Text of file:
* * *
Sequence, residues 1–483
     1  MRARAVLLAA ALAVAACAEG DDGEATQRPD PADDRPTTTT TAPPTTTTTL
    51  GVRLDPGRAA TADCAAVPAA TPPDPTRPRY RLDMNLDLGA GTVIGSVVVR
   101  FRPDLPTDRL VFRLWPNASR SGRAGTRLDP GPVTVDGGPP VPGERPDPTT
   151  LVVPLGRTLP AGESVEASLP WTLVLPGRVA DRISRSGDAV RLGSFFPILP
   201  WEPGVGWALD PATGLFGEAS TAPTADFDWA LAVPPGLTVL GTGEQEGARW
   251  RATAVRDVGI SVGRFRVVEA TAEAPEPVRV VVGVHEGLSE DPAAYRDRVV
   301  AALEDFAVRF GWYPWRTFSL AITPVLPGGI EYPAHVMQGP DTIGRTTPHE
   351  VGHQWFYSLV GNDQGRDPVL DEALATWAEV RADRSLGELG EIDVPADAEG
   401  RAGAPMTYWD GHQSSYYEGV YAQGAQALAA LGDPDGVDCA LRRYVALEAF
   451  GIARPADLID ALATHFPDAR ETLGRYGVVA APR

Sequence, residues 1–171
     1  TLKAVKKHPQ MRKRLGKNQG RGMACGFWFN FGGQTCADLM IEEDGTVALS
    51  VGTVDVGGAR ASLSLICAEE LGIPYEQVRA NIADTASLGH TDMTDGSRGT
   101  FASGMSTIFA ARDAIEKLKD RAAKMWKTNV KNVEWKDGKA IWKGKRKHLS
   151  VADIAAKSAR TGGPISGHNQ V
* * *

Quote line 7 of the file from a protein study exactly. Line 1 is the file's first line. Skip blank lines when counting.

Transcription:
   251  RATAVRDVGI SVGRFRVVEA TAEAPEPVRV VVGVHEGLSE DPAAYRDRVV